Frequently Asked Questions
Here are some questions/answers that we are frequently asked. If you have additional questions that aren't covered here, please feel free to give us a call at Seven Locks Animal Hospital.
What are the Hospital hours?
Seven Locks Animal Hospital is open Monday to Friday from 8:00am to 6:00pm. On Saturdays we are open from 8:00am until noon. The clinic is closed on Sunday.
Do I need to have an appointment?
Yes, patients are seen by appointment. We will see walk-in appointments but please plan to be patient. We will do our best to see you and your pet in a timely manner, but our patients that have an appointment have priority unless an emergency presents itself.
What forms of payment do you accept?
Cash, Check, Mastercard, Visa, American Express and Discover
Can I make payments?
Payment is required at the time of service. If you have any questions or concerns regarding our payment policy, please contact our office manager prior to making an appointment.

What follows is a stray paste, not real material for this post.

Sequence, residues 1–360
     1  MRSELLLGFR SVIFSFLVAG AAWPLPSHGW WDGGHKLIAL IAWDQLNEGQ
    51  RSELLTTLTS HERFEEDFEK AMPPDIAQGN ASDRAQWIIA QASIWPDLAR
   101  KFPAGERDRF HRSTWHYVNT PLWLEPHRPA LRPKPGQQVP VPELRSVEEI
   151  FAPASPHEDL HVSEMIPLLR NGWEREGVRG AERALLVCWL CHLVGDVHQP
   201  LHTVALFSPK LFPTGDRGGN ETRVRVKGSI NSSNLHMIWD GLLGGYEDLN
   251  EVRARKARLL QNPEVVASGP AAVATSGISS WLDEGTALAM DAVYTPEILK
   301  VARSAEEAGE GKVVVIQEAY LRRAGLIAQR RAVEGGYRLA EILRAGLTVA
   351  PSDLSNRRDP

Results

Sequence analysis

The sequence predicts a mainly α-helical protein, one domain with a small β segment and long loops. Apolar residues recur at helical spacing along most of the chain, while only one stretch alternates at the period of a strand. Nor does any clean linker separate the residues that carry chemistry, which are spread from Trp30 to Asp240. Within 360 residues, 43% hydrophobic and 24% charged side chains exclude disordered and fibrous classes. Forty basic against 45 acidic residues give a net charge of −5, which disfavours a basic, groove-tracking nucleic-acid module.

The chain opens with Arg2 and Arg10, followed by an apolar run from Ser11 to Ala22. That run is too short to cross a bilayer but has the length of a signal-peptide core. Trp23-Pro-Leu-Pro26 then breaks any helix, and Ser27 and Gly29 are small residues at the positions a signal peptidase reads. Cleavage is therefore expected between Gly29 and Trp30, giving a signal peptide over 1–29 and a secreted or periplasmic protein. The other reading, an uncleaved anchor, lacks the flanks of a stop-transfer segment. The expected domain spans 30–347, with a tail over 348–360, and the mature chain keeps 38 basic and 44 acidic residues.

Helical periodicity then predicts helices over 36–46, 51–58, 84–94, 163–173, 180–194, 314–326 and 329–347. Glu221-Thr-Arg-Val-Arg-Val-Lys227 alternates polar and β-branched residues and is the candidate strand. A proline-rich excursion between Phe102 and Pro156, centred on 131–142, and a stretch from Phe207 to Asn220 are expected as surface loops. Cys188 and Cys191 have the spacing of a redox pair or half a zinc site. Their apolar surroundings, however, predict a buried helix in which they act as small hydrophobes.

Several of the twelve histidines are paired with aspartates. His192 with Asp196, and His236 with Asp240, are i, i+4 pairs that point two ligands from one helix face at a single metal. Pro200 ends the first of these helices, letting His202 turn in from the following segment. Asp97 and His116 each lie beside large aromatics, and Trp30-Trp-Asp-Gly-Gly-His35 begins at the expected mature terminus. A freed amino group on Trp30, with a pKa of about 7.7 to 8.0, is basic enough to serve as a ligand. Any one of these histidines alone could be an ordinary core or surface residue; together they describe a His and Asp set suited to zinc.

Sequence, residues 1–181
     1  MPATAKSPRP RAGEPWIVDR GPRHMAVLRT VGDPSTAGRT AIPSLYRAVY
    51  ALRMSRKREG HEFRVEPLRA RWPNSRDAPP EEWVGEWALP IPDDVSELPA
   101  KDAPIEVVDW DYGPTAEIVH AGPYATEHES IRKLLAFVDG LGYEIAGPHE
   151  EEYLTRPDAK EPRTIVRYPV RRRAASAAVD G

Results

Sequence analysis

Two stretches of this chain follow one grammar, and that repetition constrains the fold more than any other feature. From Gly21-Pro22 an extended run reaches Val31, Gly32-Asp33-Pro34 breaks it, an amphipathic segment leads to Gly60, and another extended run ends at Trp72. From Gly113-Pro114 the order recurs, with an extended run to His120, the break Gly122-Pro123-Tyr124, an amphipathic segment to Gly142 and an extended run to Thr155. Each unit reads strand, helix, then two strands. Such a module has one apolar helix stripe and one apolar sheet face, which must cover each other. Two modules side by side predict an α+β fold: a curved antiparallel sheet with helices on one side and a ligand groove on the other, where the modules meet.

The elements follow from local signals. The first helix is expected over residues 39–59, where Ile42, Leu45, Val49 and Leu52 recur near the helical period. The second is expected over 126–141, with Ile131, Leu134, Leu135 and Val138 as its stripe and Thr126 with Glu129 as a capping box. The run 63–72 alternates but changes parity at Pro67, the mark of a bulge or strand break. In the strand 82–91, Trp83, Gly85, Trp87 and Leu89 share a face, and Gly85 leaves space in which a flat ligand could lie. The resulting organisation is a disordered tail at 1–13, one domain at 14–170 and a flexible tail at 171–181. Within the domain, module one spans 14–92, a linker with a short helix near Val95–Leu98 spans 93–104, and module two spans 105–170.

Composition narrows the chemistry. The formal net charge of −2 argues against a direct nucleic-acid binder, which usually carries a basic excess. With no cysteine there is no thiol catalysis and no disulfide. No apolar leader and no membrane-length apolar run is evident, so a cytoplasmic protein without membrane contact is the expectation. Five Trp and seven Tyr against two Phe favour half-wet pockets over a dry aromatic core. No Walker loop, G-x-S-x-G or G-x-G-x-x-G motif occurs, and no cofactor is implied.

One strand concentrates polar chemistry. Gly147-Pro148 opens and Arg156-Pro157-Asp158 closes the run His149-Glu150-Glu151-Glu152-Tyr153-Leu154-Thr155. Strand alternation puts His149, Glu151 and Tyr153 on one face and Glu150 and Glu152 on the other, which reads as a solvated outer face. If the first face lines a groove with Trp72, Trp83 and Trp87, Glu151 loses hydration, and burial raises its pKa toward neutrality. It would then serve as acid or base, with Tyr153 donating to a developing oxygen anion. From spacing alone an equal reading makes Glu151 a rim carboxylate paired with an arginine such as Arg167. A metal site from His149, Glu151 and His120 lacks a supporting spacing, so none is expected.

At what age can I have my pet spayed or neutered?
We recommend spaying or neutering anytime after 6 months of age. Your pet is given an exam prior to surgery to help determine whether your pet is healthy enough to undergo the surgical procedure. Current vaccinations are required at the time of surgery. Also a pre-anesthetic blood screen will be performed prior to undergoing anesthesia and surgery.
What is the pre-anesthetic blood screening?
This is a blood test that is run here in the clinic prior to surgery. It tests the organ functions, blood counts and clotting function of your pet. The pre-anesthetic blood screening is done to assure safety during surgery and the ability to heal following surgery.
How long do the sutures stay in after my pet's surgery?
Procedures involving sutures require them to be removed in 10 - 14 days following the surgery.
Is it a good idea to let my pet have at least one litter?
No, there is no advantage to letting your pet have one litter. However there are plenty of advantages to having you pet spayed or neutered. These advantages include decreasing the chances of certain cancers later in life, decreasing the chance of cystic ovaries and uterine infections later in life, decreasing the desire to roam the neighborhood, helping prevent spraying and marking, and decreasing the surplus of unwanted puppies and kittens.